Michael K. Williams Has Died At The Age Of 54

September 7, 2021 / Posted by:

Labor Day is typically a time for rest for many. But a good percentage of the television-viewing population spent it with their emotions working overtime yesterday when the horrible, shocking news was reported by numerous sources that the extremely talented multiple Emmy-nominated actor Michael K. Williams had been found dead in his Brooklyn home, at the age of 54.

The Hollywood Reporter wrote that Michael was found in his home Monday afternoon. His rep released the following statement confirming this awful revelation:

“It is with deep sorrow that the family announces the passing of Emmy-nominated actor Michael Kenneth Williams. They ask for your privacy while grieving this insurmountable loss.”

HBO, with whom Michael K. Williams worked on numerous projects, released this statement regarding one of the most legendary actors to ever appear on the network:

“We are devastated to learn of the passing of Michael Kenneth Williams, a member of the HBO family for more than 20 year. While the world is aware of his immense talents as an artist, we knew Michael as a dear friend who was beloved by all who had the privilege to work with him. We send our deepest condolences to his family for this immeasurable loss.”

Michael K. Williams leaves behind his son, Elijah Anderson. No cause of death has yet been given officially, although the New York Post is reporting that Michael may have died from a suspected heroin overdose. I refuse to comment either way, but I will say that the news of Michael’s death absolutely gave me the same shitty sick-stomach feeling I had when Philip Seymour Hoffman left us, because like PSH, Michael K. Williams had the kind of career that made you excited to see what else he could do, and now there’s a huge hole left by death’s abrupt end.

Michael originally wanted to be a professional dancer. Picture it, New York City, mid-to-late 1980s, Michael was a club kid who could dance the varnish off a parquet dance floor, and he quit school to focus on dancing. He was eventually hired as a background dancer on tours by George Michael and Madonna, and a few years later, he was hired by Crystal Waters to choreograph the video for “100% Pure Love.” That would be Michael K. Williams in the middle at the 0:30 mark.

He began his acting journey by enrolling in Harlem’s National Black Theater to hone his skills as a naturally talented thespian. On Michael’s 25th birthday, he was slashed with a razor blade during a bar fight, which left him with his trademark facial scar. That scar ended up getting him some work as an actor. Tupac Shakur saw a photo of Michael and had him cast in the film Bullet. After that, Michael kept landing roles (like my personal favorite one-episode guest spot as Ray Ray the chess master on The Sopranos), but he became famous in 2002 when he was cast as the sensitive robber with a high moral code Omar Little in HBO’s The Wire. Even if you never watched a single episode of The Wire, you probably knew Omar Little. Omar was one of the most iconic characters ever seen on HBO, and some consider Omar to be an iconic gay television character. And it’s likely why so many people’s coping mechanism to help them process Michael K. Williams’ death was to hop on social media and comment that his arrival in Heaven was announced with: “Omar coming.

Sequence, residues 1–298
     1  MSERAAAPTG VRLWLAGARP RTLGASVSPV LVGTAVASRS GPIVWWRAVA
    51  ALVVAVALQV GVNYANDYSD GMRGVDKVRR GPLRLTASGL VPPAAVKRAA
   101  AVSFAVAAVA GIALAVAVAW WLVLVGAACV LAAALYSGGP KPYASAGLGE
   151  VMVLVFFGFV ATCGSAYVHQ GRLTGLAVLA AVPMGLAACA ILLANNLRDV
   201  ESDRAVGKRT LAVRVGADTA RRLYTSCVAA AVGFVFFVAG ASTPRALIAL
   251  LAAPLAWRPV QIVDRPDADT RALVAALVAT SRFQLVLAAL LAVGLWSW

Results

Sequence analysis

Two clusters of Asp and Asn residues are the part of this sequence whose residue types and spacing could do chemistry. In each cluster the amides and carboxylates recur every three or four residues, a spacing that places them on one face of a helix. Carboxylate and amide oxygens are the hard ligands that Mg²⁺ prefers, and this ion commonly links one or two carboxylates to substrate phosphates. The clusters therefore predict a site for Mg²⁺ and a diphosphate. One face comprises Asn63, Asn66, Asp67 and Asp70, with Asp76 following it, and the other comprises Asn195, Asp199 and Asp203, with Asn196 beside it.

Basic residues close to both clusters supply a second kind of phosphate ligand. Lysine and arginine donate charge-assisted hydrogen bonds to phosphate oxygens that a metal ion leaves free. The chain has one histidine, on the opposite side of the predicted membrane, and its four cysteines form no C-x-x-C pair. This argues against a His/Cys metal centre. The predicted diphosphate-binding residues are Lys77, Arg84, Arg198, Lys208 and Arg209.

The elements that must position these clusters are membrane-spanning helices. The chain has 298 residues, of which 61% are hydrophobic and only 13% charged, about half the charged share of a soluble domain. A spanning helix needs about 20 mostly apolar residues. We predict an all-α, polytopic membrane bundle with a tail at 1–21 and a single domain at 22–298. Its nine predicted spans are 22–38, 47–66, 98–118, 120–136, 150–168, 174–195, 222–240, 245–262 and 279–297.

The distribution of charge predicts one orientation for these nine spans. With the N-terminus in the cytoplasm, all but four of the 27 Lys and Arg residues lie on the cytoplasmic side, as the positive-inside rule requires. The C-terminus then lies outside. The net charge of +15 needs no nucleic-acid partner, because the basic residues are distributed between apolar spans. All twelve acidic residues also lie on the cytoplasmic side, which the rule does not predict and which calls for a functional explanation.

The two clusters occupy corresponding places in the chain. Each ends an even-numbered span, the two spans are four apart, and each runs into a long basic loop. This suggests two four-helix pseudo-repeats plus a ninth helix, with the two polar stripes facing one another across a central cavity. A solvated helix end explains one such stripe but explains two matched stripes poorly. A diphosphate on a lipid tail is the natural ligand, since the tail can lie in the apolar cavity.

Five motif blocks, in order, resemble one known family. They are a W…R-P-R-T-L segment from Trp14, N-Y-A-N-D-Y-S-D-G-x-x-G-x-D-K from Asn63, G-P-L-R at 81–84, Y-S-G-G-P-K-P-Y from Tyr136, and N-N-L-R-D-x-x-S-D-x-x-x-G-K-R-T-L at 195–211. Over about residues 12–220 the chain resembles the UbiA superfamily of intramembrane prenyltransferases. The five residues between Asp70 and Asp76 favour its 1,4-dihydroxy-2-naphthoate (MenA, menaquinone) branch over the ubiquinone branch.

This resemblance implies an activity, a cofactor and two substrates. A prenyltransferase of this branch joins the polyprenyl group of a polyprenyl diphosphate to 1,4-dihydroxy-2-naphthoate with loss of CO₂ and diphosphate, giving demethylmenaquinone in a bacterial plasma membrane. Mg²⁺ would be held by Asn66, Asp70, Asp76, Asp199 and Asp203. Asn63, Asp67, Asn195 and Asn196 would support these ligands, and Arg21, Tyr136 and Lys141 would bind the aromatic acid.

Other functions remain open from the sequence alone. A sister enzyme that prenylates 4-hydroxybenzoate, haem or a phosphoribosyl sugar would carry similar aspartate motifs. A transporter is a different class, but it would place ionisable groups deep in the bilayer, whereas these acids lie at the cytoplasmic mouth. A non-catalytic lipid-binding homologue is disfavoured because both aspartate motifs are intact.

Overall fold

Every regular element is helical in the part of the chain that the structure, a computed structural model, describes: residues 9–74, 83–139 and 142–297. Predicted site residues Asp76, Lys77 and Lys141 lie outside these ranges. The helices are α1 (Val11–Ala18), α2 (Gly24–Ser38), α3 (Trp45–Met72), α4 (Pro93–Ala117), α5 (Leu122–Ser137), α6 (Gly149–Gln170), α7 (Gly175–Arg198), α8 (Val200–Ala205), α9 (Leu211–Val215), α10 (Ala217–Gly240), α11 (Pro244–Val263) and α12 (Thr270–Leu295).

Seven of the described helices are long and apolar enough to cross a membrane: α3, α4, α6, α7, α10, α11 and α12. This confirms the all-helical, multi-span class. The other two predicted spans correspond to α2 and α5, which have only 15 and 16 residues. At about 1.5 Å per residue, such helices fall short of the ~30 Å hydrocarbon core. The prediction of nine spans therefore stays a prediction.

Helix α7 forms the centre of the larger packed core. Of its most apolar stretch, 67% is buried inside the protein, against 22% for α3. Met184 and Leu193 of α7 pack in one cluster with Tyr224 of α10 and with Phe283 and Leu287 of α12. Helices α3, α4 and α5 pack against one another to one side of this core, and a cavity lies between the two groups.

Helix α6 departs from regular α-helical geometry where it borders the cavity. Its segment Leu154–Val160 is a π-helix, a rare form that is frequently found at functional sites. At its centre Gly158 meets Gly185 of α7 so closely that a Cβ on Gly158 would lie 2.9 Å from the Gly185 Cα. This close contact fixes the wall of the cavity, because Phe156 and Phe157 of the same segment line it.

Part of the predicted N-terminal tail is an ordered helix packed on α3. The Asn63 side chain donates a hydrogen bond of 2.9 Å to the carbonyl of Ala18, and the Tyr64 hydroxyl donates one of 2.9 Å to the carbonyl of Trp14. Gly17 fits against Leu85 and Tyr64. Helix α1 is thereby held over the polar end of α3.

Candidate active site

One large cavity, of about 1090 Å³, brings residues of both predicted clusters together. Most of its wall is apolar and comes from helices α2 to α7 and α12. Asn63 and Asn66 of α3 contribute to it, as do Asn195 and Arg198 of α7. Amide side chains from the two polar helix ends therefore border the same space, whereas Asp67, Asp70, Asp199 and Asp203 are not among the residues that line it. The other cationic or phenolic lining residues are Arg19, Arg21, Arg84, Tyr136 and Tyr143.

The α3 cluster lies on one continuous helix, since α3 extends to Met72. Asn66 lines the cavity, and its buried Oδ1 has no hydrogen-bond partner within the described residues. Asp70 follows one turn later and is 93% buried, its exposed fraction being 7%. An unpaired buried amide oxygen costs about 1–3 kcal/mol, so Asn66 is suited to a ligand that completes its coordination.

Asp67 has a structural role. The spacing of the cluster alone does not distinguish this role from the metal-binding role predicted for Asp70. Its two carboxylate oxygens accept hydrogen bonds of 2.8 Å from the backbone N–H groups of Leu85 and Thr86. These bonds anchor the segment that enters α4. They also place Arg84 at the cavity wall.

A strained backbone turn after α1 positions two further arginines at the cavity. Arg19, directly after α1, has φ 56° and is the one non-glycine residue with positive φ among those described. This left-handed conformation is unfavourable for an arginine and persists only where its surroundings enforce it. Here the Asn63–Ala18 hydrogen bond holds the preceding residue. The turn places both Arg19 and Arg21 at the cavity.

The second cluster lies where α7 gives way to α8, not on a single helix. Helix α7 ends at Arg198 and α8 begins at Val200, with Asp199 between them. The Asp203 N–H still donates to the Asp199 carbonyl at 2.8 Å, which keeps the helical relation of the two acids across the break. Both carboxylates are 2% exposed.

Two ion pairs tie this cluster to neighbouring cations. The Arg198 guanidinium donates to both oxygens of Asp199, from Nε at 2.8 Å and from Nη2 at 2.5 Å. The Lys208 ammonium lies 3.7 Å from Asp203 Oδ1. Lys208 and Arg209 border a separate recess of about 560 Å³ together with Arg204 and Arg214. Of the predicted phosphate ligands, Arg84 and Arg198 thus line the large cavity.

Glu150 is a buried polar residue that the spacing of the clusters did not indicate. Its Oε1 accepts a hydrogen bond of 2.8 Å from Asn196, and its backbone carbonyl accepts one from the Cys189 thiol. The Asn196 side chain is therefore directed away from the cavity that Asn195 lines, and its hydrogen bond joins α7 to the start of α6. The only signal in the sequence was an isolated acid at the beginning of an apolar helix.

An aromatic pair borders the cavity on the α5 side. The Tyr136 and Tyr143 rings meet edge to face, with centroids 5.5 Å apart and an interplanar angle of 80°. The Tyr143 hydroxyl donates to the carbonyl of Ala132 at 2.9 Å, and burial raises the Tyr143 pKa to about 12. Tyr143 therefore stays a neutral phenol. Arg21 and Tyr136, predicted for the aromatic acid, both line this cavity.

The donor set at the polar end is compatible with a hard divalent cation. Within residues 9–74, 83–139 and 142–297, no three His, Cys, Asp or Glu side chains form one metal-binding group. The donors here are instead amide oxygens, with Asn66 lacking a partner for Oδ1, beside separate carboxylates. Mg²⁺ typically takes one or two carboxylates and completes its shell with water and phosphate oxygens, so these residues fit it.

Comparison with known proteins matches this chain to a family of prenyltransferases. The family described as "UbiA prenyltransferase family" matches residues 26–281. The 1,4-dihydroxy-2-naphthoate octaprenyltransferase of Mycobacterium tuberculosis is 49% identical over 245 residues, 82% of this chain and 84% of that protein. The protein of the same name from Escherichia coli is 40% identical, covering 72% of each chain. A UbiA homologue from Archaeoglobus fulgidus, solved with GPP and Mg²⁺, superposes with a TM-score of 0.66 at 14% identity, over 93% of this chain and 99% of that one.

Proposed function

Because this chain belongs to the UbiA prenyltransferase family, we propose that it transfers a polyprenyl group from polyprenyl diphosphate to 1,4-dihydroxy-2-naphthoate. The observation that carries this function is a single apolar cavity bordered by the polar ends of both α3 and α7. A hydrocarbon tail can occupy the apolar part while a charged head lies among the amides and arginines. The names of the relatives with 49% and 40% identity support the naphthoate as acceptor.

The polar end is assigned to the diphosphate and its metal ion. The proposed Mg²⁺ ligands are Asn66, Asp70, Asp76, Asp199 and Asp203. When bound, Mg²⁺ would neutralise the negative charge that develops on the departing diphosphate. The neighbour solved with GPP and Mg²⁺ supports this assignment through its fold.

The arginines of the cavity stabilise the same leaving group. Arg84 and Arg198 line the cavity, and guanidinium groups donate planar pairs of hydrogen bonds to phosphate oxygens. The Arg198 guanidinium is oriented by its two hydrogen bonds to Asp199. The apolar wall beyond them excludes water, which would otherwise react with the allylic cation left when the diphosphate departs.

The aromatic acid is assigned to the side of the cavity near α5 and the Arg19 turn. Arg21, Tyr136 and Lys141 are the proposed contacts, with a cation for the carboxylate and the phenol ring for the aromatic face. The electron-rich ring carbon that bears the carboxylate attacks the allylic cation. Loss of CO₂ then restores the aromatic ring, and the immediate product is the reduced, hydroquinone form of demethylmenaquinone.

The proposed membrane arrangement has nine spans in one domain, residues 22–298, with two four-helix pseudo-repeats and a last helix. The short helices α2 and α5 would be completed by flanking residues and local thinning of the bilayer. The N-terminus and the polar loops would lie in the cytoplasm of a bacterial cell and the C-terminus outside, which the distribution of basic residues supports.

After The Wire ended, Michael went from one award-winning prestige TV series to another, with his four-season run as Chalky White on Boardwalk Empire. He was also in Bessie, 12 Years a Slave, The Night Of, Inherent Vice, When We Rise, When They See Us, and most recently Lovecraft Country. Michael K. Williams was nominated for four SAG Awards (he won one, for Outstanding Ensemble for Boardwalk Empire), three NAACP Awards, and five Primetime Emmy Awards, the most recent of which was a 2021 nomination for Outstanding Supporting Actor in a Drama Series for Lovecraft Country.

Plenty of Michael’s former colleagues have paid tribute to him on Twitter, and one of the biggest takeaways here is that Michael K. Williams wasn’t just a really good actor, but was also a next-level wonderful human being as well.

Here’s a bittersweet clip featuring Michael K. Williams and another gone-too-soon legend, Anthony Bourdain, visiting one of Michael’s favorite neighborhood restaurants.

Rest in peace, Michael K. Williams.

Pic: Wenn.com

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